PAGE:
A peaceful protest turned violent, the Chicano Moratorium remembered in new exhibit in LA

It’s been more than 50 years since that day, but Irene Tovar recalls her frantic search for friends and family in the aftermath of a Vietnam War protest in East Los Angeles that she helped organize.

It was Aug. 29, 1970, a day when more than 30,000 Latinos protested against the Vietnam War along Whittier Boulevard before gathering at what was then known as Laguna Park.

“It was a family protest. We invited our grandmothers and parents to come with our little brothers and sisters and we all marched. There was no violence in the route. People were in the park seated, hearing the speakers and the music and then all hell broke loose,” the now 83-year-old Mission Hills resident recalled.

Violence erupted as the Los Angeles County Sheriff’s Department entered the park, leading to three deaths, including LA Times journalist Ruben Salazar, and a county-wide curfew.

That protest, known as the National Chicano Moratorium, and other events leading up to that day, are the focus of a new exhibition titled “Patriotism in Conflict: Fighting for Country and Comunidad,” which opens Nov. 5 and runs through June 19 at La Plaza de Cultura y Artes in downtown L.A. The exhibit also includes contributions made by Latinos who served in the military dating back to World War II.

“We had more than 30,000 people organize, mobilize and protest to end the war and to bring Chicano men back to the United States and to also advocate for civil rights, education and political representation,” said Esperanza Sanchez, the exhibition’s curator.

“It was a very peaceful protest,” Sanchez said.

But the peaceful protest later turned violent after police responded to a disturbance reported by shop owners at a nearby liquor store and then confronted protesters at the park.

“The Sheriff started to push people out (of the park) and started to beat them up. A lot of people were scared and started either fighting back or running away. They were tear-gassed, hit by police,” Sanchez said.

Learning from the past

The exhibition, which is made up of about 300 items including pictures, posters, flyers, artwork and personal items from Latino military members, was supposed to open last summer at the cultural center to mark the 50th anniversary of the Moratorium. It was delayed due to the coronavirus pandemic.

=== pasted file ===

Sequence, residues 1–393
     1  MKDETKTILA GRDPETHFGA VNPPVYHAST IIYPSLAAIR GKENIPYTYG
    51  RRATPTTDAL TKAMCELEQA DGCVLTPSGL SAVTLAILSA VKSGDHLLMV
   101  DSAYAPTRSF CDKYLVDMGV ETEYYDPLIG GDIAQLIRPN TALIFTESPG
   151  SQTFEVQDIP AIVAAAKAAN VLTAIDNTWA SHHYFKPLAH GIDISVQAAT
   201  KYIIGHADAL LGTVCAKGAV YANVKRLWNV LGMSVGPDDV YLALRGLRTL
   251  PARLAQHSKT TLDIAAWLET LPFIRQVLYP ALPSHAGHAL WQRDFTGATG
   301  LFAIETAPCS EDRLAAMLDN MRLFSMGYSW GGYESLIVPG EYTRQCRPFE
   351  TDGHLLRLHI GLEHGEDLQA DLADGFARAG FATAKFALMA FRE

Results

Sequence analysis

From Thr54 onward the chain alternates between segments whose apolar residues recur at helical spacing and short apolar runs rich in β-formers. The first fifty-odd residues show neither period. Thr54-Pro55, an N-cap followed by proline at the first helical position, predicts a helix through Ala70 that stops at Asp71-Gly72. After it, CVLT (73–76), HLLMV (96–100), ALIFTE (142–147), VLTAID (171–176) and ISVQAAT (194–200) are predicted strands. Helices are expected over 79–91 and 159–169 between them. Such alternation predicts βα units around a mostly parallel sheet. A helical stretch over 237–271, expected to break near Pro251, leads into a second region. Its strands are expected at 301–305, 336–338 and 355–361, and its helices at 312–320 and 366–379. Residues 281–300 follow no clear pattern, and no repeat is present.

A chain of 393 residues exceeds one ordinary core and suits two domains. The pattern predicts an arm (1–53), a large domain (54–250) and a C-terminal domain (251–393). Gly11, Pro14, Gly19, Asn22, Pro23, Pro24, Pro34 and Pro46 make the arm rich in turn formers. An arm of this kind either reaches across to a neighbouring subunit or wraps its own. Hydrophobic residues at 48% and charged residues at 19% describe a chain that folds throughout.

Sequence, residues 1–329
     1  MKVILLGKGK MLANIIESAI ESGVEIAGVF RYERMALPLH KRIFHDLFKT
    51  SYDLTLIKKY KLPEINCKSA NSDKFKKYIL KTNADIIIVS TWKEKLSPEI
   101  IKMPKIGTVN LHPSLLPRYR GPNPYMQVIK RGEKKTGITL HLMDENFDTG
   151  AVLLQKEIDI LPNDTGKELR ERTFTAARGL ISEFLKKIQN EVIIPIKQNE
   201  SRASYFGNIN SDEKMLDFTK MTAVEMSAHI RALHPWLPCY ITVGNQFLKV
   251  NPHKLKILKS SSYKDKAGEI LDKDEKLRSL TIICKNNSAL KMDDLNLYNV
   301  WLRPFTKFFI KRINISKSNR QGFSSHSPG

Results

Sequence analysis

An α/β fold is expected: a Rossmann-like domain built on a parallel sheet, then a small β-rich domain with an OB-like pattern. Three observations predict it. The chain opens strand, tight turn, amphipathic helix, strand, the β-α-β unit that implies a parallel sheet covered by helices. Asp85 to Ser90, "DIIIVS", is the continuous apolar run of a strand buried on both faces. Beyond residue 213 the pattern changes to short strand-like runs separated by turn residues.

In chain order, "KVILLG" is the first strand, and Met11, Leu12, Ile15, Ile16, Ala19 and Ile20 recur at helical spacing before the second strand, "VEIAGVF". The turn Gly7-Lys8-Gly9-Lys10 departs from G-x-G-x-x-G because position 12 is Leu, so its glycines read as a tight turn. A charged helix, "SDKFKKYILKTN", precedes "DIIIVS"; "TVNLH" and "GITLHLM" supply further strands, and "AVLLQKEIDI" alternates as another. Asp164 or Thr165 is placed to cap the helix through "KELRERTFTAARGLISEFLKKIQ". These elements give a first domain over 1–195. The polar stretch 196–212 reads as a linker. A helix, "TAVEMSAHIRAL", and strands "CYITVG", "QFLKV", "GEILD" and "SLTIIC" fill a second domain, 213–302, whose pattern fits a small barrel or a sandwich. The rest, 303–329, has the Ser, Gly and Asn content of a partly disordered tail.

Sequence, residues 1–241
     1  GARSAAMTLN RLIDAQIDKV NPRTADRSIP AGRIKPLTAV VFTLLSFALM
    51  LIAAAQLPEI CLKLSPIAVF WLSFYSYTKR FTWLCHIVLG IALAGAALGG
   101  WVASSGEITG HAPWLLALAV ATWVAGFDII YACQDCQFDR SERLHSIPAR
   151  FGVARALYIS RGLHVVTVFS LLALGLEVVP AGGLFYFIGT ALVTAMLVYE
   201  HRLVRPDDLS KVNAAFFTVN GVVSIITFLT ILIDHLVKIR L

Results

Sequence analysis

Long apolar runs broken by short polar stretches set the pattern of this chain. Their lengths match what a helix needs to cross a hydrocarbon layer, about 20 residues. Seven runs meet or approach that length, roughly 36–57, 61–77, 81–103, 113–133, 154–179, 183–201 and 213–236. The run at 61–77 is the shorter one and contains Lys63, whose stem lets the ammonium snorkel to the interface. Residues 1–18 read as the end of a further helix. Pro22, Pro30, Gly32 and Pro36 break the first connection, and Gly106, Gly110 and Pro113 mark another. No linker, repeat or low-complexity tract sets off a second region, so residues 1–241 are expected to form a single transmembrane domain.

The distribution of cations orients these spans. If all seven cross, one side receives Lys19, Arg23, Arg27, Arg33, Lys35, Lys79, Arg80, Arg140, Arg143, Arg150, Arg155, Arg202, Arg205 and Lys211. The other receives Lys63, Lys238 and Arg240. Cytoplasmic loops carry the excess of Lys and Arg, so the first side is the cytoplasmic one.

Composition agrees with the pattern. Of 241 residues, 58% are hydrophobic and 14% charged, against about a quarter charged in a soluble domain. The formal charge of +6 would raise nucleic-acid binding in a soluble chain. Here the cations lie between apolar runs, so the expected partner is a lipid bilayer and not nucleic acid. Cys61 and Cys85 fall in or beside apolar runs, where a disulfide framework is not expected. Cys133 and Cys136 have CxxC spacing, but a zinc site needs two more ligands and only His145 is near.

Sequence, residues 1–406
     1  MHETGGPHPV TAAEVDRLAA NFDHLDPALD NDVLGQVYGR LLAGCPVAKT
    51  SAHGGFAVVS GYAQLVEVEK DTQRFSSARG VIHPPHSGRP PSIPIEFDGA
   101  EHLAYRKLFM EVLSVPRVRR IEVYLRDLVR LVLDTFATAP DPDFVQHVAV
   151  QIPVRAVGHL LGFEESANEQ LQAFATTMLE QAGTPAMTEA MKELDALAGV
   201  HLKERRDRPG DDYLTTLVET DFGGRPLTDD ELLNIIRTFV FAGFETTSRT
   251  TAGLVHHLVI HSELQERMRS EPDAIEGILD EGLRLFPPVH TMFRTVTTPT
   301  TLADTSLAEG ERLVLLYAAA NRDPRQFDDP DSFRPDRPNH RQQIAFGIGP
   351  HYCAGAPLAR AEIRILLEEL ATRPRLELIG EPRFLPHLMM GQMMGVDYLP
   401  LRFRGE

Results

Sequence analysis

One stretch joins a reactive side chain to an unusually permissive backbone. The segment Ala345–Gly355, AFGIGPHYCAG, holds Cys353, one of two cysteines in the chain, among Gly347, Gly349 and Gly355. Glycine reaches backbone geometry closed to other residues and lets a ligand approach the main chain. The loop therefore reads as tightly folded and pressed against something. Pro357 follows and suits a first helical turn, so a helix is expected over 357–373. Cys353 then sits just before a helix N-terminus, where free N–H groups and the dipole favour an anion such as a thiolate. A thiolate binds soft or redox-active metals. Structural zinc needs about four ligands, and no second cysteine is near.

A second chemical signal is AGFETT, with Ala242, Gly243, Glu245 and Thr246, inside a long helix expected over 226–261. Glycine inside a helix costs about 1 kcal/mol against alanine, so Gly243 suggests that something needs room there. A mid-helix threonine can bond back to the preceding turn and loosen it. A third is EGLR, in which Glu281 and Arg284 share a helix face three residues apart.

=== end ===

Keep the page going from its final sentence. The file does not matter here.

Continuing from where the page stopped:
And while it focuses on the Moratorium and events that led up to Aug. 29, it also looks at the larger story of patriotism in the Chicano community from their participation in World War II up to the Chicano Moratorium, Sanchez said.

The exhibition begins by highlighting the contributions of Latinos in the military and their patriotism by displaying personal things such as a stack of handwritten letters sent from soldiers, with some dating back to World War II.

Also on display is a Purple Heart as well as other medals awarded to Latino soldiers and a photo album from a soldier serving in Vietnam.

The exhibition then focuses heavily on photographs that include images of walkouts at local high schools in protest of the war, as well as photos of female members of the Brown Berets protesting the Vietnam War in East L.A. in December of 1969. It’s described in the exhibition as the first Chicano moratorium against the war.

Dressed in skirts, military-style jackets and berets, the photo shows the women marching in a straight line during the protest which included more than 1,000 people rallying against the war.

“A lot of these women were the ones mobilizing everyone,” Sanchez said.

Other walls in the exhibition space are filled with black and white photographs of the Aug. 29 protest.

One picture shows a massive crowd on Whittier Boulevard holding up signs, another shows a woman dressed in all white holding her young daughter’s hand.

Yet others show the aftermath of the violence that followed with images of protesters showing the wounds they received that day, which included bloody legs and bruised torsos and arms.

Salazar, who was killed at the Silver Dollar Bar & Cafe when he was reporting on the protest after a tear gas projectile fired by sheriffs struck him in the head, is featured prominently in the exhibit  There are multiple art pieces, including a colorful acrylic painting of the journalist, who became a martyr for the movement after his death.

And for Tovar, the exhibition isn’t only a lens to the past, it’s also a lesson for future generations.

“This represents what I lived through and I’m so glad we’re remembering what happened during that time,” Tovar said.  “I really believe that if you don’t know your history you’re condemned to repeat it and I think our community should recognize what many people did on behalf of their children,” she added.

Patriotism in Conflict: Fighting for Country and Comunidad

When: Nov. 5-June 19, 2022

Where: La Plaza de Cultura y Artes, 501 N. Main St. Los Angeles

Admission: Free

Information: lapca.org

COVID-19 protocols: Proof of vaccination or negative test and masks must be worn indoors.

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